Tuesday, March 18, 2008

Really Bearish

So I haven't mentioned this before, but I work for a bank.  I'm nothing high-flown, just a spreadsheet monkey with a couple of flat panel displays.  (FOUR OF 'EM!  They give me the worst feeling of dryness in my eyes, so don't be jealous.)  So it's not my brilliance that makes the money, or my bad luck or stupidity that loses it when that happens to be how it goes.

That said, times right now are as dark as anyone with lots of experience seems to be able to recall, and while no one is outside on bread lines or selling apples, it's not as farfetched as you might think, somehow.  Bear Stearns was a veritable 800 pound gorilla in New York (and global) finance, and the sudden collapse is pretty much unprecedented.

The fact is that while we look at this as the comeuppance of greedy and wealthy people, there is something that has been mentioned but bears reiterating: one third of the company was owned by the employees.  The $240 million dollar purchase price for JP Morgan was one tenth of the value that was in the marketplace on Friday ($2/share, down from $30/share) and just over an eightieth of the prices that were prevalent a number of months ago.


Let's do the math:

Roughly 14,000 employees held a third of the company, 120 million shares.  That, at the 52 week high of $159 per share comes to just over $19,000,000,000.00

That is a value in employee hands of over $6,000,000,000.00, which has turned into an $80 million value in a matter of two days.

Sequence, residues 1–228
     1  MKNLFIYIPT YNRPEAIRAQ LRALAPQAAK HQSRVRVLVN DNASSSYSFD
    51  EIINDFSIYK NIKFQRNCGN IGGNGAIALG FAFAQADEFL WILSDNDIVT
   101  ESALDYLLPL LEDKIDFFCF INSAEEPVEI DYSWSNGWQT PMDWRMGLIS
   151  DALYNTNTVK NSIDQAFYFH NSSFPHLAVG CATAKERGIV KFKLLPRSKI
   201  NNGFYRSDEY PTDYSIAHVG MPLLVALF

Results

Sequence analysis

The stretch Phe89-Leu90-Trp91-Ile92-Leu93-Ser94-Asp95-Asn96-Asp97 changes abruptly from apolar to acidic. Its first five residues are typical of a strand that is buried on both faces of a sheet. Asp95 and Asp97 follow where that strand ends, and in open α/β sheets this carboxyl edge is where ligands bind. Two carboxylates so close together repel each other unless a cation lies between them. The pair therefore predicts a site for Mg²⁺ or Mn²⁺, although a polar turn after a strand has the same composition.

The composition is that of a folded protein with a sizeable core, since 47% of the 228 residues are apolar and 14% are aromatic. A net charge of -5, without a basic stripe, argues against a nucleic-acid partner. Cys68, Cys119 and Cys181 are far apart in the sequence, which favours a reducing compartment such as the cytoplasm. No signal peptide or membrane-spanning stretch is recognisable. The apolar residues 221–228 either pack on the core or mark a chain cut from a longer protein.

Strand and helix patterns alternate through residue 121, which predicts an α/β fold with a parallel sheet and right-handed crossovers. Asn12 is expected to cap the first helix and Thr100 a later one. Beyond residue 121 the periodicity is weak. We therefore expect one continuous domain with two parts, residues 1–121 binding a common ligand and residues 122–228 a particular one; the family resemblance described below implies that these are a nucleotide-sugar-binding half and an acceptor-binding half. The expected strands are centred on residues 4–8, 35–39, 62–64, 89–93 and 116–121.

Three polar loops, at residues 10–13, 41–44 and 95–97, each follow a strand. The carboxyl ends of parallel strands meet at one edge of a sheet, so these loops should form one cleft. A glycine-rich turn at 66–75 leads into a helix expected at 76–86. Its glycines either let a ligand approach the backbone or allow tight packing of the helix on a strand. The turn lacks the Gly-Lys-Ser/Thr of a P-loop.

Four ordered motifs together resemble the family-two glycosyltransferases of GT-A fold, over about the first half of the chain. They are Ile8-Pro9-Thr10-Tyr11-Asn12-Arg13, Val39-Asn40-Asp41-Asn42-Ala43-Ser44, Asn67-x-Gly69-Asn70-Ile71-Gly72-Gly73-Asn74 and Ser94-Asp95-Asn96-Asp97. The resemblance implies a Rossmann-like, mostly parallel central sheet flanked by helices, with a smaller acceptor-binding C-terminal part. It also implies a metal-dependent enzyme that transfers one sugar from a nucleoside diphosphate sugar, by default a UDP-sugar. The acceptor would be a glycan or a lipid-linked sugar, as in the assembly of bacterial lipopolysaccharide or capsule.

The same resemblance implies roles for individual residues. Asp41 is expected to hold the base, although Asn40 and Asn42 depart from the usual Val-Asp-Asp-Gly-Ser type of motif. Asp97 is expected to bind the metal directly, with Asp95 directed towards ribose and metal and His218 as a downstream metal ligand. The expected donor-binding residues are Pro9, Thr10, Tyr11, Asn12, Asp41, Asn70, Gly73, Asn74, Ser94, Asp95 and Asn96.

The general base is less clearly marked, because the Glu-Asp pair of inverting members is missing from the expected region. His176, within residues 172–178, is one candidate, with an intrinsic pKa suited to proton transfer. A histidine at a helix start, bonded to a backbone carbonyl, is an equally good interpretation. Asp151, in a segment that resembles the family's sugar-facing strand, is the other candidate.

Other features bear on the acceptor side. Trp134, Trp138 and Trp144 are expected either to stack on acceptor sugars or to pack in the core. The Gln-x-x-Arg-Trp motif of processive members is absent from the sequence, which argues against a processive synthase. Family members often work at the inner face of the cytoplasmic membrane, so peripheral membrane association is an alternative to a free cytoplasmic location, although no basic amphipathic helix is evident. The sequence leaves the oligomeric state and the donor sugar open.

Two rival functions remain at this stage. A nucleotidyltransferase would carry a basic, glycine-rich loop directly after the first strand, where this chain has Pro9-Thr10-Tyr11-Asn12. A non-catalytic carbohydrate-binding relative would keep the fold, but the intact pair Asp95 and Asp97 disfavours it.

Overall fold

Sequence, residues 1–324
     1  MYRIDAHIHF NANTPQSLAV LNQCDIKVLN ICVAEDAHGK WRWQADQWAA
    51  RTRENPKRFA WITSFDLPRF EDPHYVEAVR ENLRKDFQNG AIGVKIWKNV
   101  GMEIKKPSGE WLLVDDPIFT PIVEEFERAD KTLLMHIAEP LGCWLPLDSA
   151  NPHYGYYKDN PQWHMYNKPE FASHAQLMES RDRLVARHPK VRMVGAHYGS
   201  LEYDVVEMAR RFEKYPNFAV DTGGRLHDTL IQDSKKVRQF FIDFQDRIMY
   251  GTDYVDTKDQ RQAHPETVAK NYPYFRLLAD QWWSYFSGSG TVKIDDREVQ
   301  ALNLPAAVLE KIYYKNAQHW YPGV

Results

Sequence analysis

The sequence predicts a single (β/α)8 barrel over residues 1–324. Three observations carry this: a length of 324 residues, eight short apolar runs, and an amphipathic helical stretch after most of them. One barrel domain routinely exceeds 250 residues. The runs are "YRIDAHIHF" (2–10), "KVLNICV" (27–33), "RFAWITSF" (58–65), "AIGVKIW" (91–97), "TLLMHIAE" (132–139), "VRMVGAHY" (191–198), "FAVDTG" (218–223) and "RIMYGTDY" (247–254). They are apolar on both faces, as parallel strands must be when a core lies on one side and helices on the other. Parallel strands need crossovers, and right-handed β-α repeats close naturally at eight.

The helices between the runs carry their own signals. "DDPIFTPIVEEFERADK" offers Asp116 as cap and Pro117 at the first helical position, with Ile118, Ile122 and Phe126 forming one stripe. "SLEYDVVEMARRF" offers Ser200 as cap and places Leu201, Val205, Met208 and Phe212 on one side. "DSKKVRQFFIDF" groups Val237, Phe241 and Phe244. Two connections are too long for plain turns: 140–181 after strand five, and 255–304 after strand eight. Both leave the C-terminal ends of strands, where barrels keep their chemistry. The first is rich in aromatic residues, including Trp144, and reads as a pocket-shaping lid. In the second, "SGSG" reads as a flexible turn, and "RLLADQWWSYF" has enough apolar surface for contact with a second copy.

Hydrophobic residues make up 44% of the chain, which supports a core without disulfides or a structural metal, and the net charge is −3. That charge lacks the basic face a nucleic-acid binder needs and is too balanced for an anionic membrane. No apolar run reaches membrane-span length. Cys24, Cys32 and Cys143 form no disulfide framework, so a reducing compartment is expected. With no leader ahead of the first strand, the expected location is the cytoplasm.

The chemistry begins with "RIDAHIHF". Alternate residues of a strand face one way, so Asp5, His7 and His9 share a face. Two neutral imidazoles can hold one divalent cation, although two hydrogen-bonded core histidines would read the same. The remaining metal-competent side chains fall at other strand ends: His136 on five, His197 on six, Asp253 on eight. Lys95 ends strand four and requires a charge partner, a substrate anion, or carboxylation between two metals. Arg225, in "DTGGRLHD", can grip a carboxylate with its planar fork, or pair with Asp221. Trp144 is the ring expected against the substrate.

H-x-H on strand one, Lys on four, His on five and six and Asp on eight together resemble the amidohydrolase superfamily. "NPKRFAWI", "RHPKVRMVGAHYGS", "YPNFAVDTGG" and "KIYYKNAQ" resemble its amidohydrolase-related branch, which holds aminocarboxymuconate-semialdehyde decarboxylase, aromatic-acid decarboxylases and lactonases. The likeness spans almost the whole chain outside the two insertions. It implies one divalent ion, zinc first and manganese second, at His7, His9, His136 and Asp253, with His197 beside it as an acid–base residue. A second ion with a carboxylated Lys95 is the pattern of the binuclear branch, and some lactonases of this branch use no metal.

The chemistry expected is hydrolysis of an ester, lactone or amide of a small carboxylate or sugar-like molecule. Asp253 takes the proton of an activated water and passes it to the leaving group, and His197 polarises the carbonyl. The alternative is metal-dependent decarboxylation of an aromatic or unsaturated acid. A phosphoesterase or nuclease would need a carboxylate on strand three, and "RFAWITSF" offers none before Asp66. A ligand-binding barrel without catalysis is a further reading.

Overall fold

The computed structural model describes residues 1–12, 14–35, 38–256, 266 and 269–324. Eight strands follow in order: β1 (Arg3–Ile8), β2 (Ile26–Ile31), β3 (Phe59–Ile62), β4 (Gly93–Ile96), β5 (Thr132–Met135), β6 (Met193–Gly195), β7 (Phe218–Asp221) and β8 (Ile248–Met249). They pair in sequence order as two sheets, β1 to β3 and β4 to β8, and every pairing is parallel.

That's an average of almost half a million dollars in savings lost per employee.

Oh yeah, and half the staff is going to get fired.

I've talked to colleagues who have friends who've lost pretty much everything overnight, and are now unsure of how to pay for their mortgages, which is (to say the least) a touch more ironic than I even need to comment on... the unaffordable mortgage, the teaser rate, and the overengineered nature of the Mortgage Backed Securities marketplace are the source of the pain, and to see perfectly honest and hardworking people lose a lifetime of work is pretty grim.

Even if they were among the highest paid Americans, it is still hard to imagine going through three days with that much of a drawn out punch in the stomach.

People are quick to judge the industry, quick to lay blame for the structuring of transactions that allowed ratings to be synthetically created (legitimately, especially given that the ratings agencies played along...)

The fact is that we don't want to spread the blame evenly, and justly:

-People wanted houses that were more expensive than they could afford.  

-Realtors wanted the biggest commissions they could get, no matter what the cost.  

-Local mortgage issuers wanted to get people the biggest loan they could sell to a lender. 

-Issuers wanted to sell highly rated securities built on mortgages paid by people with lousy credit.  


Blame everyone you feel you need to, but don't forget where that chain started.

Tigger and I looked at buying, looked at vacation houses, and didn't go ahead with the plan, because prices were inflated, the market was overheated, we would have gotten a fishy tweaked out adjustable rate, and...


Read that five times, slowly.  If you can't pay your bills, it's your damn fault too.

And now?  Now we all pay for your stupid house as taxpayers.

Your goddamn welcome.

I'd just like to keep my job, okay?

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